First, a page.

Katsman advises folks to take stock of all their skills, whether they’re work-related or interpersonal. Add them to your resume, website, or even just write out a thoughtful letter to yourself.  “Put them on sticky notes,” Katsman suggests. “Begin playing with and mapping those skills to build a holistic view of your qualifications for a certain position or career shift.”

3. Change your attitude toward failure.

Failure is a natural part of existence, but imposter syndrome leads us to see failure as a death sentence. Like I mentioned earlier, many people suffering from imposter syndrome also exhibit tendencies of perfectionism, which tends to exacerbate this fear. In moments when we do experience a failure (even a minor), it feels like a major setback, making our imposter syndrome even worse.

But even people who are totally qualified for their positions, even the most successful of human beings, experience failure from time to time. Once we learn to accept failure and mistake-making as an inevitable part of success, the less we’ll let it determine our worth or qualifications.

4. Look at the bigger picture.

“Take yourself out of your own situation and consider it on a macro level,” says Karen Jaw-Madson, management consultant and author of Culture Your Culture: Innovating Experiences @ Work. “Think of all the imposters who get the opportunities when they shouldn’t. Now think of all the others who should shine, but don’t get to. Life isn’t fair, but if the real you gets that moment, take it.”

Looking at the bigger picture enables us to get out of our heads and see ourselves and our opportunities from a more objective perspective. We’ll feel more deserving (and be less afraid of) new positions or exciting endeavors, leading us to move forward with confidence.

5. Honor your brand.

There’s only one you—and while that might seem like a cliché, it’s actually quite true. No one has had your breadth of experiences or your specific skill set. “Focus on your strengths. What makes you special?” says Jaw-Madson. “Your unique combination of personal strengths validates that you are for real, not an imposter.”

Once you hone in on what makes you unique, you realize that you’re your own brand of qualified. Capitalizing on your brand isn’t just strategic, but it’s also a great tool in developing increased self-worth and a stronger sense of self.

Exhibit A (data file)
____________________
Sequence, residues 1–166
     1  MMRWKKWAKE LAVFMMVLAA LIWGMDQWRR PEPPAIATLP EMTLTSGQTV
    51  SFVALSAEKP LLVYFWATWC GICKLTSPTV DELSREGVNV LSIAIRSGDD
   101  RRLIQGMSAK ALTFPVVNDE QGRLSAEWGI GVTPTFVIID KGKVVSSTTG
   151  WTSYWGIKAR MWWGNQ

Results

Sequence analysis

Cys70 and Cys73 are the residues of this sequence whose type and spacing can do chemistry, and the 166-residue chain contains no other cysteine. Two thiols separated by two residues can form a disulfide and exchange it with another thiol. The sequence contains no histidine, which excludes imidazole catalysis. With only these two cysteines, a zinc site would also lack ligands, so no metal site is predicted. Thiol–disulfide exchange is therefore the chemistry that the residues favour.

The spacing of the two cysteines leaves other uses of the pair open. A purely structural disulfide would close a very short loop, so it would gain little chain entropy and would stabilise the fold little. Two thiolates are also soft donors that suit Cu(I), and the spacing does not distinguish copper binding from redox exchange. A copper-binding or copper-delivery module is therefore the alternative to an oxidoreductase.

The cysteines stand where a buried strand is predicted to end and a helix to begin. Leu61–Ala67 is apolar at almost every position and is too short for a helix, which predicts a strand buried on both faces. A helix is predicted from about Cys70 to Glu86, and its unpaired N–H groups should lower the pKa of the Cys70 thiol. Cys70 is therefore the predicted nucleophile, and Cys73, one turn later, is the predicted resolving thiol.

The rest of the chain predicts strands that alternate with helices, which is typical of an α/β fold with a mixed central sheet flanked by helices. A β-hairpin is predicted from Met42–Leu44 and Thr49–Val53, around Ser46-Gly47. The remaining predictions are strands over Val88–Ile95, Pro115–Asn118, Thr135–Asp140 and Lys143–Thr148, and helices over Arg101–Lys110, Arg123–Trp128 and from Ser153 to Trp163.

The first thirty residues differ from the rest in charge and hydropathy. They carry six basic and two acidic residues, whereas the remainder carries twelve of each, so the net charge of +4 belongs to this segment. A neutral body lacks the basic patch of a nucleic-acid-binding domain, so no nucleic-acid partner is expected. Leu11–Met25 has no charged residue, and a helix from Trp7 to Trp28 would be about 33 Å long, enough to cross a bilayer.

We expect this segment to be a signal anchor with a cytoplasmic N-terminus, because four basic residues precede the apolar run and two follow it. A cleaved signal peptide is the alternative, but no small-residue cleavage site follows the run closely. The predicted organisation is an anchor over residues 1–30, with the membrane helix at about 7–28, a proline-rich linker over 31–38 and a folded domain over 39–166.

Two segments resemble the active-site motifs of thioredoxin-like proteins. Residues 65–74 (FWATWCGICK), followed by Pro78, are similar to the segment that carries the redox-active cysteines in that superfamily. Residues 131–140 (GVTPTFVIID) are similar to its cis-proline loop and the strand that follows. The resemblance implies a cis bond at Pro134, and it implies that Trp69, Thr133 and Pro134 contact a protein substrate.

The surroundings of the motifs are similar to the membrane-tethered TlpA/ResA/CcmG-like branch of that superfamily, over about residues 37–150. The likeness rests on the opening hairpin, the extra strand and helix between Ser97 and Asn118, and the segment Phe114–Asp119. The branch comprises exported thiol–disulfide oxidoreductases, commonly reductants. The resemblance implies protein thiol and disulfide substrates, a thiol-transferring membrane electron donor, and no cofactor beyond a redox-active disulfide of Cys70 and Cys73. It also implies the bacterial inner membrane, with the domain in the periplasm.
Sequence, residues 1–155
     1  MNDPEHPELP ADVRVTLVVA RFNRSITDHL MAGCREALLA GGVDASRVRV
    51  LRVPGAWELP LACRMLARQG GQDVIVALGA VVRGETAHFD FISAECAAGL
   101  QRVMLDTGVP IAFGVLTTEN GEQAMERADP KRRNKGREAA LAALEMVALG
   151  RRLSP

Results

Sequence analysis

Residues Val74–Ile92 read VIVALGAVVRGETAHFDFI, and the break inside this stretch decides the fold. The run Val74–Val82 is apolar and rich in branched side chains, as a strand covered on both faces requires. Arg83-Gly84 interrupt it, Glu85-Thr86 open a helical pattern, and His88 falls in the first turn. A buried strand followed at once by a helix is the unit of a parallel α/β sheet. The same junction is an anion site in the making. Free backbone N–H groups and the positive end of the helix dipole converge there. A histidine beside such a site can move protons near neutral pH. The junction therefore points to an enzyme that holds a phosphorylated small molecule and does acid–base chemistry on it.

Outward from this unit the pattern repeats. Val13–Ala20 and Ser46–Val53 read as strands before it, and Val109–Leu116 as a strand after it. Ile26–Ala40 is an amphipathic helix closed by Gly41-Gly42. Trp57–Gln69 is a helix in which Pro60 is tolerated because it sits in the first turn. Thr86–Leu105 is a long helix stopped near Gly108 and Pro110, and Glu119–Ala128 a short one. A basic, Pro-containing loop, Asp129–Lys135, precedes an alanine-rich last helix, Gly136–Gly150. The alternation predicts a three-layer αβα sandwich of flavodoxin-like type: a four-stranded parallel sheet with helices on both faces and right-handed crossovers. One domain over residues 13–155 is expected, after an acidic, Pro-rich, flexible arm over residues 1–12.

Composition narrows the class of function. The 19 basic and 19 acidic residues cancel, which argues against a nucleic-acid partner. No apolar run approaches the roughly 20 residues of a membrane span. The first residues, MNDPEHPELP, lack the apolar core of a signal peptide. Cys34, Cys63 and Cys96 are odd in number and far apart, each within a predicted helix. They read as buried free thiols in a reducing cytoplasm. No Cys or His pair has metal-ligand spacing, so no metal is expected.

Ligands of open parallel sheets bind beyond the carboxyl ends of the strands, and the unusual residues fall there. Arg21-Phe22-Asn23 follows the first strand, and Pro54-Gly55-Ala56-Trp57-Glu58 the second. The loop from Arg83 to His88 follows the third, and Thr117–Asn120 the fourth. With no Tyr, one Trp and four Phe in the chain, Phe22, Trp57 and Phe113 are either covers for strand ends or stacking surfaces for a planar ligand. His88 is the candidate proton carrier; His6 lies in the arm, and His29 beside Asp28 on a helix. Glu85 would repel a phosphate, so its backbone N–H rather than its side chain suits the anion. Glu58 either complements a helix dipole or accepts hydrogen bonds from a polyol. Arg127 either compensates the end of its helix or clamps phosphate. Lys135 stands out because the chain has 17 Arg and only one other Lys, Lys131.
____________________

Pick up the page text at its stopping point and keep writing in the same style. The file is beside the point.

6. Talk about it.

This is one of those times when it’s okay to ask for a bit of validation. Klapow encourages those facing imposter syndrome to elicit feedback from others, or ask specifically what others thought about your work and contributions.

“The goal here is to get out of your head, which is screaming imposter and look at and listen to others around you who can comment on your behavior,” Klapow notes.

“When imposter syndrome makes us our own worst enemies, those that truly know us can provide the lift we need to overcome it,” Jaw-Madson adds. “ There will be times when they in turn will need the same encouragement, so give freely.”

Noticing that others struggle with imposter syndrome also makes it easier to step outside any negative thoughts. When you feel less alone, it might help your feelings of inadequacy and begin to recognize them as a phenomenon, not fact.

7. Remember that your feelings won’t go away overnight—and that’s okay.

Don’t expect your imposter syndrome to disappear overnight, and know that’s it’s totally normal if and when it comes back. The goal is for you to have the tools to work with your imposter syndrome, rather than against it.

“For many people, imposter syndrome never fully goes away, but rather moves to the background of their thinking versus dominates their thoughts,” Klapow adds. “In many cases, it serves to keep us alert, dedicated and on our game.” Katsman also notes the value of therapy, meditative practices, and coaching in some cases, as these modalities can help a person tackle the root of their impostor syndrome (perfectionism, trauma, low self-worth).

At the end of the day, coming to terms with the notion that I was worthy of confidence was one of the best things I could do to tackle my imposter syndrome. Look at the facts—you deserve it.